In response to a community request to reduce the posted 35 MPH speed on the east end of NE Sandy Blvd, traffic speed counts were taken east of 85th Avenue in early 2014 as part of the High Crash Corridor evaluation. 85th percentile speeds were 40.3 MPH. The Oregon Department of Transportation (ODOT) reviews and makes decisions on posted speed reduction requests. ODOT will not consider speed reductions that are 10 MPH or more below the 85th percentile speed. Therefore, ODOT would not approve a speed reduction on outer NE Sandy Blvd near 85th Ave.

(City of Portland, Bureau of Transportation, NE Sandy Blvd High Crash Corridor Safety Plan, 2014, page 5)

The grisly trend indicated by the traffic death data of the past three years tells us that as hard as we’re trying to achieve Vision Zero, we’re not trying hard enough. The biggest risk factor is just the sheer amount of driving we do, and with the boost to driving in recent years from lower fuel prices, it was predictable that deaths would increase. If we’re serious about Vision Zero, we ought to be doing more to design places where people can easily live while driving less, and where people can walk without regularly confronting speeding automobiles.

We clearly have a lot of work to do.

— Joe Cortright, City Observatory

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82 Comments
  • Shoupian January 18, 2018 at 1:32 pm

    Joe, thanks for posting this article. There is a cognitive dissonance in most people on the issue of traffic safety and mobility. Most people would agree (at least I hope) that as a society we should reduce traffic fatalities and injuries as much as possible and no one thinks it’d be a good trade-off under any circumstances for themselves to be killed or injured on the road. Yet, most people also consider mobility, especially auto-mobility as a right, and oppose any safety program that would impede speed and convenience in order to reduce traffic injuries and fatalities.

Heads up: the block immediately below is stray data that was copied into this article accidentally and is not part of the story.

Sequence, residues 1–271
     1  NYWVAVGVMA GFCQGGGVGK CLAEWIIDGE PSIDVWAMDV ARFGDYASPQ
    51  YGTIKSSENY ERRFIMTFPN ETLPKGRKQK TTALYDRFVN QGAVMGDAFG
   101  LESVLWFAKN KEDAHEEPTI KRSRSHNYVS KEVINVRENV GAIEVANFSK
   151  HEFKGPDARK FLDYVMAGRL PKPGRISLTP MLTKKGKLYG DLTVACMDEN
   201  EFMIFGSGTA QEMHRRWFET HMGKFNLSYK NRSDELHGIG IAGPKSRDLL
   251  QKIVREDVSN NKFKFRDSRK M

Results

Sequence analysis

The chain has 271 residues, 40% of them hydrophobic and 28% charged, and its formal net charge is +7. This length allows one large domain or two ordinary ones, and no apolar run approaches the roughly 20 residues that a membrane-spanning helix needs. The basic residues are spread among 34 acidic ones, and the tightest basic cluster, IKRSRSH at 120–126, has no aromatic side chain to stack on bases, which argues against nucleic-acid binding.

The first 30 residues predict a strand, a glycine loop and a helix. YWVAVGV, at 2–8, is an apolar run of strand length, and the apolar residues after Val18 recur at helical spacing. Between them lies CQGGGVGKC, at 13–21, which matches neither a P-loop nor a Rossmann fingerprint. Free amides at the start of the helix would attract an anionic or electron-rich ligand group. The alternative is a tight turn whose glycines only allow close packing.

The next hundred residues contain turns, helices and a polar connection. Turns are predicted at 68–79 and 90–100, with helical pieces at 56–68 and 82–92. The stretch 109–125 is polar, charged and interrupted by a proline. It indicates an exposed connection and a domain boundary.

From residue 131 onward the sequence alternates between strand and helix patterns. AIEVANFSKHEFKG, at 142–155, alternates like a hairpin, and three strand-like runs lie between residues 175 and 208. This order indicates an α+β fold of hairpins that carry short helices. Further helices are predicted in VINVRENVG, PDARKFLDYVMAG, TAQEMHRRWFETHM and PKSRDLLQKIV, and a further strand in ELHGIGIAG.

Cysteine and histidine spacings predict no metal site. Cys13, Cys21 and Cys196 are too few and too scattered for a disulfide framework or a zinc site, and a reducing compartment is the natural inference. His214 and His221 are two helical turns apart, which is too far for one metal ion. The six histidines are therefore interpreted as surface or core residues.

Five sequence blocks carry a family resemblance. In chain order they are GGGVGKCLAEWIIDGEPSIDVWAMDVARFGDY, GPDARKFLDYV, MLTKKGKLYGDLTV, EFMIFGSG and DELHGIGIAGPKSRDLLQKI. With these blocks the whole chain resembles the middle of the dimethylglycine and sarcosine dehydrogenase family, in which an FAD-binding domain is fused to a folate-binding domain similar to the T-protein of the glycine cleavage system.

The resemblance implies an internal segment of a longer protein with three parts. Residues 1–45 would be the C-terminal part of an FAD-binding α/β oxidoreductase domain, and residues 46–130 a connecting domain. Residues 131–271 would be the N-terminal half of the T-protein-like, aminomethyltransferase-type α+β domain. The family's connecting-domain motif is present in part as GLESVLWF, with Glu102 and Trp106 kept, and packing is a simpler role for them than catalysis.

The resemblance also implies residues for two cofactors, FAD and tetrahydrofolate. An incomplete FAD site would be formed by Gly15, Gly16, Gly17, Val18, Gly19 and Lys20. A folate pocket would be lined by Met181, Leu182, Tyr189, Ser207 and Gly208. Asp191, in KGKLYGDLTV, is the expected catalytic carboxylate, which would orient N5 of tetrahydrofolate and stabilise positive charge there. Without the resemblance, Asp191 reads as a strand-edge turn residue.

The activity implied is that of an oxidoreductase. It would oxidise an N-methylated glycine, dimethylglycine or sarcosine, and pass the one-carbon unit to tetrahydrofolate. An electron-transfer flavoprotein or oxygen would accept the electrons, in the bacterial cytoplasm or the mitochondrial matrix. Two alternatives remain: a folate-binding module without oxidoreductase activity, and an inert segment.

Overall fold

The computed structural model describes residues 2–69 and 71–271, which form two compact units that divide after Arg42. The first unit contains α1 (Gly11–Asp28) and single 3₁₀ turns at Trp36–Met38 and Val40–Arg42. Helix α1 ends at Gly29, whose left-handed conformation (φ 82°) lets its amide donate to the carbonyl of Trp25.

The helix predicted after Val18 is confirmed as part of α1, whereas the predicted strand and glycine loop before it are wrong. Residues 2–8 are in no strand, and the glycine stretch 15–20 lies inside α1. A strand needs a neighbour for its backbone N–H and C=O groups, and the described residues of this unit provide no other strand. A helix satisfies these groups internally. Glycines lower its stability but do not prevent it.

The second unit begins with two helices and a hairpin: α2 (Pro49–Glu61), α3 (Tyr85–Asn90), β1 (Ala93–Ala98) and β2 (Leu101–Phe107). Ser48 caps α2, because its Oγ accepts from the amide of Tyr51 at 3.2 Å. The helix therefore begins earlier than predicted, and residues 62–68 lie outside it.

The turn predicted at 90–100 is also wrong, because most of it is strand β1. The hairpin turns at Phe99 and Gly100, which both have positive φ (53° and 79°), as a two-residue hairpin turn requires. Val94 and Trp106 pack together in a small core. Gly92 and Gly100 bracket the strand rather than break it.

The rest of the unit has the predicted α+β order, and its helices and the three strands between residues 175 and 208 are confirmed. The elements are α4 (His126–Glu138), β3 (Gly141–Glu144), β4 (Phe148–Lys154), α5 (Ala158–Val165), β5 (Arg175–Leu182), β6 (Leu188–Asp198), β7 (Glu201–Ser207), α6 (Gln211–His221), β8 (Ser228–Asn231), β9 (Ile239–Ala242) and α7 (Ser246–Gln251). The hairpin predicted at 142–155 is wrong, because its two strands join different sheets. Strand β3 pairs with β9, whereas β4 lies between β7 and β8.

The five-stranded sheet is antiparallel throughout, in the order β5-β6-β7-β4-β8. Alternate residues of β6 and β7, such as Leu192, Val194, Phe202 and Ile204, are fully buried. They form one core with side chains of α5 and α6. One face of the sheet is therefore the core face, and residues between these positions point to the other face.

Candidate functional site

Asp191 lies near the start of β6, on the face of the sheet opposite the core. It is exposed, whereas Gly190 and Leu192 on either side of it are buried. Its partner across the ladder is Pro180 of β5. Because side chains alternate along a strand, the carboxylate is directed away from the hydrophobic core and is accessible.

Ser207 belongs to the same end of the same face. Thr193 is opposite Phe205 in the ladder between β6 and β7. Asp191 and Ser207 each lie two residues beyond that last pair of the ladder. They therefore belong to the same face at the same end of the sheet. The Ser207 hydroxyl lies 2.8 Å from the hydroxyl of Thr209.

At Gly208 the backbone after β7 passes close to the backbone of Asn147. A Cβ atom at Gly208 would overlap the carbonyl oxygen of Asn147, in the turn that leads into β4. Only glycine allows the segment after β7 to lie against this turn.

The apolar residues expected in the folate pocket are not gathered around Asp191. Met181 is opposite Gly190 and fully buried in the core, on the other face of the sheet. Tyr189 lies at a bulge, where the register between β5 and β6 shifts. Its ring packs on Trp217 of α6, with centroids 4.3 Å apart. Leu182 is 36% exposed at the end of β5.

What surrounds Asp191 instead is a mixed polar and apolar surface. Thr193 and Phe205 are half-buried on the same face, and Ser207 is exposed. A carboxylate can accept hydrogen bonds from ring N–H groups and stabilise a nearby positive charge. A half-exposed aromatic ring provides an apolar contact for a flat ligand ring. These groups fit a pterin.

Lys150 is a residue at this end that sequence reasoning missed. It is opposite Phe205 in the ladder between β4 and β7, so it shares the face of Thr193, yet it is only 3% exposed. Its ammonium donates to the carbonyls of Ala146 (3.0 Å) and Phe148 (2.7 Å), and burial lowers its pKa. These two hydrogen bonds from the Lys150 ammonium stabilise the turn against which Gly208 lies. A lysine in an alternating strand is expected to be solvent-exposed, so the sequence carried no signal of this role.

The most disappointing fact is that our elected officials and public agency leaders understand this contradiction very well. But driving is still very easy and cheap in Portland, and our elected officials and transportation bureau are leading the charge to induce even more driving by supporting the I-5 Freeway Expansion. Based on the data and trends in your article, this is a $450 million project that goes directly against the City’s Vision Zero goal.

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    • Middle of the Road Guy January 18, 2018 at 2:14 pm

      Very easy, cheap…and what the majority of people want. A politician that says “FU” to the majority of the populace does not have a job for long.

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      • Shoupian January 18, 2018 at 2:25 pm

        Never said I want our elected officials to say “FU”. We elected them to lead the city and implement policies and programs that improve the well-being and quality of life for our citizens. Sometimes that means they need to take bold actions and create change in order to address serious issues (e.g. traffic fatalities). Many people will be unhappy about change, the city as a whole will be safer and better off. This is the responsibility of our elected leaders. They are supposed to make informed and accountable decisions for us and not just giving in to some people’s emotional and irrational instincts.

        If we all adopt your attitude, progress will never be made.

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        • Hello, Kitty
          Hello, Kitty January 18, 2018 at 10:19 pm

          >>> Sometimes that means they need to take bold actions and create change in order to address serious issues (e.g. traffic fatalities). Many people will be unhappy about change, the city as a whole will be safer and better off. <<<